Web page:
This process is never about Orwellian control or the dreadful cynicism in Pink Floyd’s The Wall (1980). We can all recall uncompromising disciplinarians who seemed to energise on their little bit of power in the classroom and who made major mountains out of what should only be minor molehills (for example, uniform infringements). Unfortunately human nature being what it is, we remember these teachers but for the wrong reasons. A worthwhile schooling provides the tools to encourage young people to think for themselves but there has to come a point where the initiative passes from an overseer to being self-motivated. This is what occurred with the special group of students I have described. I hope I have never told young people what to think but how to question and think for themselves. If they can pick up at least some of the requisite skills in my class then I will have done my job.

A worthwhile schooling provides the tools to encourage young people to think for themselves but there has to come a point where the initiative passes from an overseer to being self-motivated.

Formation is also deeply relational and interactive. This recalls a story involving the former Prime Minister David Lange. At the time (1989) Mr Lange was also the Minister of Education and on a tour promoting the Tomorrow’s Schools reforms. This larger-than-life man, accompanied by an entourage, came into my Form 1 (Year 7) class when they were reading a School Journal article about life in Papua New Guinea that included a section about eating crocodile meat. One of the students asked Mr Lange if he had eaten crocodile. He said he had, and proceeded to tell a delightful story about it which had us all enthralled. His humour, anecdotes, and insight were unforgettable. Although a lawyer and politician, Mr Lange intuitively understood some essential elements of teaching and learning, namely, that it is relational; stories connect us, they inspire and pass on wisdom across generations.


In my experience, many of today’s students, if they are readers, favour somewhat dark and dystopian texts. The Hunger Games and The Handmaid’s Tale for example, are hardly edifying but they are instructive. The dystopian genre warns what happens when education becomes subverted for state purposes and individual freedom perishes. The scary thing is that this process can be masked in false promises of enlightenment or liberation, but the end result is no such thing, rather, misery, death, and destruction. These texts have close ties to Orwell and many others that remind us of the premium genuine education places on being able to think for ourselves. This kind of source material presents virtually endless opportunities for a skilled educator committed to formation to evaluate the plot, characters, and values in light of say, Kant’s moral imperative to treat other people “as an end in themselves, rather than as a means to an end.” What would this look like in the world of the text? What if even one influential character challenged the dysfunctional status quo and put this principle into action?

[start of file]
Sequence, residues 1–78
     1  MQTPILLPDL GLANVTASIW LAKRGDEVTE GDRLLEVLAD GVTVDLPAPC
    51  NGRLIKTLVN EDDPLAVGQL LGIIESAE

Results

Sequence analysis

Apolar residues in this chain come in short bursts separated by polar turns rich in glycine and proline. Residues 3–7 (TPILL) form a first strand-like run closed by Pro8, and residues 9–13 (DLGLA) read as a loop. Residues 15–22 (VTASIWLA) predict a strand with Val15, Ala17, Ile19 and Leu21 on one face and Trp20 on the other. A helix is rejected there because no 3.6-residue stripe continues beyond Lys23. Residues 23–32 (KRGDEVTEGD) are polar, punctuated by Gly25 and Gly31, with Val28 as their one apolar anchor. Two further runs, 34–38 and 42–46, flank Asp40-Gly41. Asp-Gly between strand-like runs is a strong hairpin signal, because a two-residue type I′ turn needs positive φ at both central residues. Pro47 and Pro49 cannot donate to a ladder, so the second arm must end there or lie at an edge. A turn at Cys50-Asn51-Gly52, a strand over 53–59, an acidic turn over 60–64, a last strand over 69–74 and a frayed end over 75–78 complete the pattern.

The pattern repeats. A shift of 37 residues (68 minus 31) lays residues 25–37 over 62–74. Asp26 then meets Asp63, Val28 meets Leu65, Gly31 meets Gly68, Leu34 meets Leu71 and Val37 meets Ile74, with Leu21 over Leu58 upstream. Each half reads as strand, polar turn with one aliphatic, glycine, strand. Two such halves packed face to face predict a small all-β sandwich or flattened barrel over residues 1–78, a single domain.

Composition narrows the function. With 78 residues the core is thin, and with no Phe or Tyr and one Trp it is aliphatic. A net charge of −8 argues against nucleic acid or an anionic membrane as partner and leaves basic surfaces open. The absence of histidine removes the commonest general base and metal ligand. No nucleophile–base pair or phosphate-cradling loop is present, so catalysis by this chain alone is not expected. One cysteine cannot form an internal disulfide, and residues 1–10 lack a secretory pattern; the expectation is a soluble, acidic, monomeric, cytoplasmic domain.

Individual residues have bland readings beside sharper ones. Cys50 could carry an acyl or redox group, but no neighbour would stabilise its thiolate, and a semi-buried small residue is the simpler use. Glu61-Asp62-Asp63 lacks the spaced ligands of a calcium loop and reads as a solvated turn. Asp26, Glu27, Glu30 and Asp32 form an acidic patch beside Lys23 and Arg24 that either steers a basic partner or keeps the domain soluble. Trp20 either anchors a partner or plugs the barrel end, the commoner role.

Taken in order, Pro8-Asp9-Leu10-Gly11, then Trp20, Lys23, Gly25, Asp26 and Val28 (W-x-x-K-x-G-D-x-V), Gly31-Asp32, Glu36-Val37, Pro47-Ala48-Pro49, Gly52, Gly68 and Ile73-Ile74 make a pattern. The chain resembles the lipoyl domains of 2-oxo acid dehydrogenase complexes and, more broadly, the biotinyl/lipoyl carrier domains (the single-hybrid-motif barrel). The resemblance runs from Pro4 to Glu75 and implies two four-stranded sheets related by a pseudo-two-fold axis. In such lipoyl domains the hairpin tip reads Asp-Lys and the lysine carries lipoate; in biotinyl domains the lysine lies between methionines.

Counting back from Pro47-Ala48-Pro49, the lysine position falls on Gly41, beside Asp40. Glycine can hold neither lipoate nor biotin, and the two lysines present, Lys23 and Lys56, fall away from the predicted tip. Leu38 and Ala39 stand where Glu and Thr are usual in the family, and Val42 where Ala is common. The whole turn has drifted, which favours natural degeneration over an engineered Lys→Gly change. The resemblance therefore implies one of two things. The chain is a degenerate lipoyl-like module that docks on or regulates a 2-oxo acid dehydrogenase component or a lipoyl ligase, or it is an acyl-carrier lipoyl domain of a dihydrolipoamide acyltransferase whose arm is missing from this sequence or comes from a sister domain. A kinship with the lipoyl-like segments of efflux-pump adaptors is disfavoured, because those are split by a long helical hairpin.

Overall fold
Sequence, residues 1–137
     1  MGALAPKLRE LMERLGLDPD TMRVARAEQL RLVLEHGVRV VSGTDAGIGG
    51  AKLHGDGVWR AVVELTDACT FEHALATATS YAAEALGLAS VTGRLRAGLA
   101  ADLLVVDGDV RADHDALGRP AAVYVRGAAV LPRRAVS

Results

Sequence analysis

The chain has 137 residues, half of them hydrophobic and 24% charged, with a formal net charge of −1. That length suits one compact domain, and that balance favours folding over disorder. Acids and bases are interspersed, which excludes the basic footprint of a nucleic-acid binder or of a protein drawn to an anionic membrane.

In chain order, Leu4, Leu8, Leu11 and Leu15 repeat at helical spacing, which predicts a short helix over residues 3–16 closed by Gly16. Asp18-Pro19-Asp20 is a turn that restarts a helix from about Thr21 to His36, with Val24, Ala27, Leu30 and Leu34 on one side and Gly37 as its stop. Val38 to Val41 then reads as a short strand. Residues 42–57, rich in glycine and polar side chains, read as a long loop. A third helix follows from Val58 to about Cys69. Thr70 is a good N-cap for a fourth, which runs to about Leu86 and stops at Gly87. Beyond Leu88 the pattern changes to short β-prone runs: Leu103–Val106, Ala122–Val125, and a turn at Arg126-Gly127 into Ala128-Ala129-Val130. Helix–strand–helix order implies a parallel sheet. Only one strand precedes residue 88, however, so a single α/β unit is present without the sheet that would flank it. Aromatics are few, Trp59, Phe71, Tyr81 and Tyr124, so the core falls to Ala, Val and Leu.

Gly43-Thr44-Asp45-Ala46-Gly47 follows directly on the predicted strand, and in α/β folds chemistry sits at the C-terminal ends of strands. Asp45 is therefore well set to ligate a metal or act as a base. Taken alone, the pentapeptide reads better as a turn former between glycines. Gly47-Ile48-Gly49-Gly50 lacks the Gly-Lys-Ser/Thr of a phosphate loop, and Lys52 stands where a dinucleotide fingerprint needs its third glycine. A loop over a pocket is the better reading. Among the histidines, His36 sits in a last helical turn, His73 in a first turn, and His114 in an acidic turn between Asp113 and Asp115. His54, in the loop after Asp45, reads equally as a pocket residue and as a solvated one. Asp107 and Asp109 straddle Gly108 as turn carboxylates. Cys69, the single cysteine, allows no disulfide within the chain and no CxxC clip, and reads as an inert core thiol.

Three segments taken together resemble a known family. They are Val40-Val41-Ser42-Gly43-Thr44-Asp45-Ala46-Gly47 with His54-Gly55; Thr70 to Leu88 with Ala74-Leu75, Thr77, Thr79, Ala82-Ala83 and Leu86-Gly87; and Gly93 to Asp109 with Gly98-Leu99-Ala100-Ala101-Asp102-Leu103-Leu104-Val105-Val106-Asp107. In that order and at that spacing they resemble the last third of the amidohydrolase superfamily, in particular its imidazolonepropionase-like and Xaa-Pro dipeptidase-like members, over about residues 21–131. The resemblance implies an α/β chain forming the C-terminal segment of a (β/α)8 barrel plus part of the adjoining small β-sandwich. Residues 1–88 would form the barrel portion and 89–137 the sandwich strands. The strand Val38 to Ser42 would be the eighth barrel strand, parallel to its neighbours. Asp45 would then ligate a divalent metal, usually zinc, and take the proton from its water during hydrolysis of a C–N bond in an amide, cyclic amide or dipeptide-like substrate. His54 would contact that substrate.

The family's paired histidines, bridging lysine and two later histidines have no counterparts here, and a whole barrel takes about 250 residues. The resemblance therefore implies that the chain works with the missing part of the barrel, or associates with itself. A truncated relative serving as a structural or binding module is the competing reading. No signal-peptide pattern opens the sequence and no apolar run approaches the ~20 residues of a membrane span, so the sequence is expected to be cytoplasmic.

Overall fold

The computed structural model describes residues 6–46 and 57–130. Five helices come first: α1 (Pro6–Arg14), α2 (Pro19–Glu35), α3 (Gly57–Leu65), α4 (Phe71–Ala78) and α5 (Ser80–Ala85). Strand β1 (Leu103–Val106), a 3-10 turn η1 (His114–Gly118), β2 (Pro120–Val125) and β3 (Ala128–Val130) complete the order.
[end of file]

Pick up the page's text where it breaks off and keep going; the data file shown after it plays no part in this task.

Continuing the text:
I still desire to see formation occur: to teach students to think for themselves, to take action to engage with the world and each other, to love knowledge and stand tall in the world as citizens of good character.

Balancing these texts with a judicious use of the likes of Virgil, Dante, and Shakespeare shows how important universal themes such as quest, hero, and spiritual virtue pervade literature. Is, for example, the world view of the witches in Macbeth much different to fashionable ideas of karma or the “attraction” model of The Secret? Does man really produce evil like a bee produces honey, as William Golding once said and Lord of the Flies demonstrates? How can we ever know if we don’t read, engage and reflect upon such texts?

As an educator I am constantly challenged by these and many other questions. Grappling with them means my own formation continues and I realise more about the human condition, my own inadequacies, but also the joys of journeying with young hearts and minds.


Dr Michael Reid

Michael began teacher training at the former Dunedin Teachers’ College in 1981. He later tutored at Otago University and taught in the primary system before moving into secondary teaching in 1990. He has been a Head of Department, Dean, and Head of School, and also conducted Ministry-funded research into Asperger Syndrome. His doctorate is in history and he continues to study theology at Otago. Michael was a foundation staff member at Maxim Institute in 2001. He currently teaches English at St. Andrew’s College in Christchurch.